More than half of Russia's exports go to Europe, and 45 percent of its imports come from Europe, according to the EU EUROSTAT agency. Out of 485 billion cubic meters of gas consumed by the EU annually, Russia supplies about 160 billion cubic meters, or almost one-third the total volume.

Germany, the EU's economic powerhouse, has been explicit about the costs for the German economy from increased sanctions. Anton Borner, the president of Germany's main trade group, BGA, warned that more than 6,000 German businesses with $105 billion of turnover are interlinked with Russia and stand to lose if sanctions are ratcheted up.

U.S. Representative Lois Frankel (D-FL), who recently visited Ukraine with a Congressional delegation, has offered the likeliest official explanation for why the White House left Gazprom and CEO Miller untouched in the most recent round of sanctions.

In an April 28 appearance on MSNBC, Frankel said, "I think our president is taking a cautious approach warranted because our European allies are...trade partners with Russia, they depend on Russia's energy. And so we have [to] be careful because sanctions against Russia also have the good probability of hurting our allies."

Other members of Congress have shown less willingness to accommodate the EU's delicate economic position. In recent days, senior members of the U.S. Senate have increased their calls for the White House to move against Gazprom. Carl Levin (D -MI), John McCain (R-AZ) and Bob Corker (R-TN) want Obama to use an executive order that allows him to punish broad sectors of the Russian economy in response to Russia's actions in Crimea.

The lawmakers' statements on the issue have been widely covered in the Ukrainian and Russian press.

In an April 12 letter to Obama, Corker, a ranking member of the Senate Foreign Relations Committee, said, "Unless Russia ends its destabilization of eastern Ukraine and drastically reduces troop levels on the Ukrainian border immediately, further sanctions against strategic sectors of the Russian economy, particularly targeting Gazprom and additional important financial institutions, should be imposed within days."

After the latest round of U.S. sanctions this week, Corker repeated that call in a joint statement with Senator Kelly Ayotte (R-NH), the ranking member of the Senate Armed Services Readiness Subcommittee, in which he said, "Until Putin feels the real pain of sanctions targeting entities like Gazprom, which the Kremlin uses to coerce Ukraine and other neighbors, as well as some significant financial institutions, I don't think diplomacy will change Russian behavior and de-escalate this crisis."

During an April 25 visit to the Ukrainian capital, Kiev, Levin told reporters, "The existing authority is sufficient to take very strong sanctioning action against Russian banks that have correspondent accounts in the United States. The authority exists. It should be used, and that includes Gazprom."

McCain advocated in an April 25 press release, "The United States needs to expand sanctions to major Russian banks, energy companies, and sectors of its economy, such as the arms industry, which serve as instruments of Putin's foreign policy. NATO needs to move toward a robust and persistent military presence in central Europe and the Baltic countries, including increased missile defense capabilities. We need a transatlantic energy strategy to break Europe's dependence on Russian oil and gas," which would include sanctions against Gazprom, according to his office.

McCain recently suggested he has a broader agenda in mind when he said, "The strategy of the U.S. for saving Ukraine must be built in opposition to Russia's gas strategy, as this will be the end of Putin and his empire."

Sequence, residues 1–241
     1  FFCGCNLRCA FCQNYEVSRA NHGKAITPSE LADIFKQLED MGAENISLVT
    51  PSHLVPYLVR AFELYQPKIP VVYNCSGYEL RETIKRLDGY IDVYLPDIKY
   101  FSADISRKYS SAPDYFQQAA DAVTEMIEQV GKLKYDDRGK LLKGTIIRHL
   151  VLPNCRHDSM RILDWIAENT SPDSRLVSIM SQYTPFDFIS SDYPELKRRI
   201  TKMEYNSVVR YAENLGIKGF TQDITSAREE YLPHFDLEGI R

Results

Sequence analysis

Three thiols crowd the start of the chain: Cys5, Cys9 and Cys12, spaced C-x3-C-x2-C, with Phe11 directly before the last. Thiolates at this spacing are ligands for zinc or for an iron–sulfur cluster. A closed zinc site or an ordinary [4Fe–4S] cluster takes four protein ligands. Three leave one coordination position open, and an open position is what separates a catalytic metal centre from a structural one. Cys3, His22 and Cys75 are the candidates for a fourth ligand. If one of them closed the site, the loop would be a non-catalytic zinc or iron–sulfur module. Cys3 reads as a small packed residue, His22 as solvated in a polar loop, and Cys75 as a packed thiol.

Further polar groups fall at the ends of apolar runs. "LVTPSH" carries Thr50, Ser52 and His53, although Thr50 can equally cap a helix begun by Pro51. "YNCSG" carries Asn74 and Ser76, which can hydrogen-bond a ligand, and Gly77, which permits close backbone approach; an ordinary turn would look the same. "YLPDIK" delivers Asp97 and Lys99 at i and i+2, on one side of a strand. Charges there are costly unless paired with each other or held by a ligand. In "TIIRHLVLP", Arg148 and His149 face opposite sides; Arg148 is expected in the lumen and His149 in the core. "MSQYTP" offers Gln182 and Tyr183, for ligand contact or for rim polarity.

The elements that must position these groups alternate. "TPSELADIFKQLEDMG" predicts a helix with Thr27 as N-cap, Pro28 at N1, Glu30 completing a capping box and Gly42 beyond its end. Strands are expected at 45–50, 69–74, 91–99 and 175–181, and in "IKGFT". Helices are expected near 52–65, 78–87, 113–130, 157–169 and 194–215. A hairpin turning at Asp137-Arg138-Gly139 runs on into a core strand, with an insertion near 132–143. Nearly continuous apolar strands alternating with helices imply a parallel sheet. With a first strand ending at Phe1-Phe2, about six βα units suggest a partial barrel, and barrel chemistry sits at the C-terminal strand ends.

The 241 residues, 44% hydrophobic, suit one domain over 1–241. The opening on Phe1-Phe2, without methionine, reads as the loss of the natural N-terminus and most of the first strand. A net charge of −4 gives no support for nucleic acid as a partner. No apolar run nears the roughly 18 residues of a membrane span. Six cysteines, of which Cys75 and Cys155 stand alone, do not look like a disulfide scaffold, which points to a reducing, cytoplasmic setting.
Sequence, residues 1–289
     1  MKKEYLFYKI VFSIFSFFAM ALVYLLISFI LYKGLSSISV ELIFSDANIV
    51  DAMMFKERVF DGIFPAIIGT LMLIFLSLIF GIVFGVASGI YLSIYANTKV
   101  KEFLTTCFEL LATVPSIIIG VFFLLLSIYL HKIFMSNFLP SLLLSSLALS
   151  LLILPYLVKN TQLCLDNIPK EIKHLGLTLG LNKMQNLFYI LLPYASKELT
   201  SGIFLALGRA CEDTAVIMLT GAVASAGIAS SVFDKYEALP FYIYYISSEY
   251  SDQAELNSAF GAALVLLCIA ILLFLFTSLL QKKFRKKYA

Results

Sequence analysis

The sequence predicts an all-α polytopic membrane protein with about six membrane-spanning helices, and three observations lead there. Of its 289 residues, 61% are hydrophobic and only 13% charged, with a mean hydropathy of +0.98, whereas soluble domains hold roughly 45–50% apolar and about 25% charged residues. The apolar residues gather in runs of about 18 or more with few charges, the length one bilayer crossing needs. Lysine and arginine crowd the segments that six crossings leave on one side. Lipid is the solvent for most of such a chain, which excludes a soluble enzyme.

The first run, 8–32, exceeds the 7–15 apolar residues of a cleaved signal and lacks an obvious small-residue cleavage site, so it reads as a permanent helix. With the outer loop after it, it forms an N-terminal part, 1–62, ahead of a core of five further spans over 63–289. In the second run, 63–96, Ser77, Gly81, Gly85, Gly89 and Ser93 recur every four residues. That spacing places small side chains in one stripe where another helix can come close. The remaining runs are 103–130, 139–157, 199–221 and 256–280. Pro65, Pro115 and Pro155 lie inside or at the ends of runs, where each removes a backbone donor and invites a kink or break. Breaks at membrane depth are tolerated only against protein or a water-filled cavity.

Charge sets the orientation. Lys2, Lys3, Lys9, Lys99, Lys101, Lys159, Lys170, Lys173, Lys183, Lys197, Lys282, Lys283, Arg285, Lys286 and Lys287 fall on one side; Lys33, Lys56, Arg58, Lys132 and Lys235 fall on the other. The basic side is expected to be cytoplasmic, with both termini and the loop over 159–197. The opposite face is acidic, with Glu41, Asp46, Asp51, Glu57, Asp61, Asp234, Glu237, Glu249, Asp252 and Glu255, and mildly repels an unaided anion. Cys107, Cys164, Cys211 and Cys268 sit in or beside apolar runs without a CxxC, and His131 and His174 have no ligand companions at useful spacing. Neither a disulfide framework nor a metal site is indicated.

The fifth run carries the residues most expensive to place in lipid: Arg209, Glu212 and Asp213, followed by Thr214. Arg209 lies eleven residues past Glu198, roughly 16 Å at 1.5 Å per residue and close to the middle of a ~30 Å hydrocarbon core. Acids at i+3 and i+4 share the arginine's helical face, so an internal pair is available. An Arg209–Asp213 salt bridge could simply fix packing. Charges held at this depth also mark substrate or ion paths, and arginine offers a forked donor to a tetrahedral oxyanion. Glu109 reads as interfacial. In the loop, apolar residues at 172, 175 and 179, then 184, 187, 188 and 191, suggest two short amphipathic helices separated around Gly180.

Given Gazprom's centrality to the Russian economy, it's unlikely that Putin won't react if and when the company comes in for Western sanctions. In preparation for that possibility, Gazprom's subsidiary, Gazprombank, Russia's third largest, last month transferred nearly $7 billion to the Central Bank of the Russian Federation.

Gazprom has already warned that further Western sanctions could disrupt gas exports to Europe.

And Russian Natural Resources Minister Sergei Donskoi has made it explicit that there will be consequences for Western energy firms that comply with sanctions. Speaking on April 24 to journalists in Russia's far eastern city of Birobidzhan, Donskoi said, "It is obvious that they won't return in the near future if they sever investment agreements with us, I mean there are consequences as well. Russia is one of the most promising countries in terms of hydrocarbons production. If some contracts are severed here, then, colleagues, you lose a serious lump of your future pie."

Donskoi also expressed the certainty that if Western firms leave Russia, other foreign energy companies would take their place.

That kind of threatening rhetoric will only make it harder for U.S. officials to sell an already nervous Brussels on the idea of more sanctions, if it comes to that, and on targeting Gazprom, in particular.

Source: http://oilprice.com/Energy/Energy-General/Why-Hasnt-The-U.S.-Gone-After-Gazprom.html

By John C.K. Daly of Oilprice.com

© 2014 Copyright OilPrice.com- All Rights Reserved
Disclaimer: The above is a matter of opinion provided for general information purposes only and is not intended as investment advice. Information and analysis above are derived from sources and utilising methods believed to be reliable, but we cannot accept responsibility for any losses you may incur as a result of this analysis. Individuals should consult with their personal financial advisors.


© 2005-2019 http://www.MarketOracle.co.uk - The Market Oracle is a FREE Daily Financial Markets Analysis & Forecasting online publication.


Post Comment

Only logged in users are allowed to post comments. Register/ Log in

6 Critical Money Making Rules